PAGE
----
At the end of the 1960's and early 1970's, as Native Americans in South Dakota were asserting themselves politically and culturally, the Blashfield painting became a focusing point. Newly elected Governor Rchard F. Kneip found the mural objectionable and had it veiled in 1971, so only a drapery would be visible by visitors to the Governor's Reception area.


At the same time, he commissioned a mural by Paul War Cloud Grant titled "Unity through the Great Spirit." This painting served as a contrast to the mural and either could be viewed by visitors to the Governor's office once complete.


Subsequently, in about 1976, a major restoration of the State Capitol commenced with a goal of returning the majestic building to it's original state. Part of the restoration included the Governor's office, returning the Blashfield painting to full public view without draperies or other art acting as covering.



The South Dakota news media noticed the fact that the mural was returned to view, and a series of stories ran noting that Governor Kneip "found the mural personally distasteful, and that it did not represent the true attitudes of most South Dakota residents who prefer to work in cooperation with the Indian people."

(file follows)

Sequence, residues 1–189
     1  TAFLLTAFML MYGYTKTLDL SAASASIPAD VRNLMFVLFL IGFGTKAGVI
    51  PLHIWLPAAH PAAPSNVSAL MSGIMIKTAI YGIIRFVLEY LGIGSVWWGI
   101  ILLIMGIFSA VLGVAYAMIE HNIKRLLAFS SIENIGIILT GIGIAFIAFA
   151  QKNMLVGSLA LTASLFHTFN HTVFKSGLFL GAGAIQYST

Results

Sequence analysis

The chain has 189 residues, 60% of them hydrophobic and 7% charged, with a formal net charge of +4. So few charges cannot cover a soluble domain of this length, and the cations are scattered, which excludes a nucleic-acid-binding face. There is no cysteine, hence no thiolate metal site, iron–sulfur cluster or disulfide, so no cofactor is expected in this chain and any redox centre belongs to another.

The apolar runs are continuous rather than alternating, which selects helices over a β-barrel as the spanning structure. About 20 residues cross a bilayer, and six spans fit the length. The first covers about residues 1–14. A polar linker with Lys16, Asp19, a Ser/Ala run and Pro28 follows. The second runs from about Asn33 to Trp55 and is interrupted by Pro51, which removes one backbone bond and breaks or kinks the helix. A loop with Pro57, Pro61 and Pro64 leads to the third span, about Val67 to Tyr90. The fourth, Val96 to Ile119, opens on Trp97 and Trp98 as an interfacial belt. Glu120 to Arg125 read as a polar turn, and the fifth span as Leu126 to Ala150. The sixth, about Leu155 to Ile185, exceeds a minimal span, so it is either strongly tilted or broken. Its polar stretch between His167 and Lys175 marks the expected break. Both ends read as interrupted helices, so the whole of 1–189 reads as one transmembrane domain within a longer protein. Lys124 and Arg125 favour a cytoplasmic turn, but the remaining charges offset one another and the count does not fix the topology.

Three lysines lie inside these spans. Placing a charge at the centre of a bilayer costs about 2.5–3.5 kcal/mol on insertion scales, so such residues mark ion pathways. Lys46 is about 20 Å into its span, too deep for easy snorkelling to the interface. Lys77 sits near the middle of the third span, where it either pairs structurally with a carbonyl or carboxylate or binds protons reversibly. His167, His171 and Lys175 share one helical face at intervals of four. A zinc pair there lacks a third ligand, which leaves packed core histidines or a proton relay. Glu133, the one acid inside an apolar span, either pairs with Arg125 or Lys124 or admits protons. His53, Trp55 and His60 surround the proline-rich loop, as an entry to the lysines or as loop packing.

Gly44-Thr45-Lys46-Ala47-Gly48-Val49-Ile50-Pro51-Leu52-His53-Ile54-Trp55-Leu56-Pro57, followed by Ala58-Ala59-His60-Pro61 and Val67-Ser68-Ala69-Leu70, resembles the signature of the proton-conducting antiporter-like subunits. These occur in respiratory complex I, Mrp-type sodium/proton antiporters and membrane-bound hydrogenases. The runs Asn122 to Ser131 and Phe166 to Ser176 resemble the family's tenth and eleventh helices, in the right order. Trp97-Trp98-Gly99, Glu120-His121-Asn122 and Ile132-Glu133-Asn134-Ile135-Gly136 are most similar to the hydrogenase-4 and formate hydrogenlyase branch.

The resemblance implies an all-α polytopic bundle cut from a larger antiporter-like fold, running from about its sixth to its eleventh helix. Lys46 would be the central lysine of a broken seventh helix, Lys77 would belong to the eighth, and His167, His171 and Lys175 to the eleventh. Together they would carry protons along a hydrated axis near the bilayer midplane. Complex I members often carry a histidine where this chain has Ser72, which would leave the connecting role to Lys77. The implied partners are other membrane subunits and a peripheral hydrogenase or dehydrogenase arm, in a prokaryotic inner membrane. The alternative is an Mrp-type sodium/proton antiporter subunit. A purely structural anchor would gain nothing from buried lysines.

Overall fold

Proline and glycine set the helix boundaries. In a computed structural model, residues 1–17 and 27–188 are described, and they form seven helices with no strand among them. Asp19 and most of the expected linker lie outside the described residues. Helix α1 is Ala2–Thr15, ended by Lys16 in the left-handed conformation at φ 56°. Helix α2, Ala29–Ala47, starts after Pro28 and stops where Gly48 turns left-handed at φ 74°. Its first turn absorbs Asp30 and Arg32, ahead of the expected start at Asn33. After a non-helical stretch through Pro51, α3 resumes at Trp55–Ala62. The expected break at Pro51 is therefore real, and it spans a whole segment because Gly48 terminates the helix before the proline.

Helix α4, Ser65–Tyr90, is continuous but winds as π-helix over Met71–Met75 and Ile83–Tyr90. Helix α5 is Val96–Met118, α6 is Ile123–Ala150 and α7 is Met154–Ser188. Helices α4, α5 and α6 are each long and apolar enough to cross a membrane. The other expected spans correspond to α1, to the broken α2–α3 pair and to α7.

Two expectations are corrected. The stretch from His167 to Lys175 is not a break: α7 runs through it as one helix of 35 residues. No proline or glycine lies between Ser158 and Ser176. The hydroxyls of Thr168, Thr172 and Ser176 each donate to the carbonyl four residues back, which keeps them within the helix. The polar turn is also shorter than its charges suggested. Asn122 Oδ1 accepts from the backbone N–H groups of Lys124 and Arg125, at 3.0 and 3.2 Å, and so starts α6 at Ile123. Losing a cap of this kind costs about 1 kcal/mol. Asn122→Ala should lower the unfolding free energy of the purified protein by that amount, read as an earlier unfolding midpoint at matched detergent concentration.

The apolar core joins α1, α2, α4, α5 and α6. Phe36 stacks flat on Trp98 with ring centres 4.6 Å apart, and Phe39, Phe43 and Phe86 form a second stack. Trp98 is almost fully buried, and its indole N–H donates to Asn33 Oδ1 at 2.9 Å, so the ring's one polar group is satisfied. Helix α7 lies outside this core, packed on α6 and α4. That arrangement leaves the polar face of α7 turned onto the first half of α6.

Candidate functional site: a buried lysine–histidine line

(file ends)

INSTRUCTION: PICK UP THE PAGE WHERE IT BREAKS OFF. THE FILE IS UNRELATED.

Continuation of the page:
But, "the mural was part of the original building, and efforts to restore the capitol should include all portions of the facility."


About the time this story ran, in November of 1977, a Aberdeen college student, Tim Peterson, wrote the Governor and expressed his feelings on the matter.


Peterson wrote:




I read the article in the Aberdeen American News today about the mural in a conference room.  I agree with the statement that most South Dakota residents do not feel the animosity towards Indians that the mural would seem to suggest, but I trust you will agree there were such feelings, most notably in the "frontier" days of our state, and in fact, these few ignorant people are responsible for the situation that exists between Indian and white communities today. No matter how distasteful these attitudes may be, they remain an integral part of our state's history, and only by remembering our mistakes can we learn.


A staff member brought Tim's suggestion to the Governor, who put his stamp of approval on placing a plaque next to the mural unofficially changing the name of the painting from "Spirit of the West" to "Only By Remembering Our Mistakes, Can We Learn."


During the 1980's after the Capitol Restoration had been completed under Governors Bill Janklow and  George S. Mickelson, it was noted that the unofficial title had lapsed over the intervening years in favor of the original "Spirit of the West."


A State Senator at the time, Thomas Shortbull, began attempts in the mid 1980's to have the portrait removed from public view in the Capitol. At this time, Governor Mickelson announced a year of reconciliation between the people of South Dakota, and as part of it, he went to the Legislature and made an official name change of the painting to "Only By Remembering Our Mistakes, Can We Learn." formalizing what Governor Kneip had done unofficially several years before.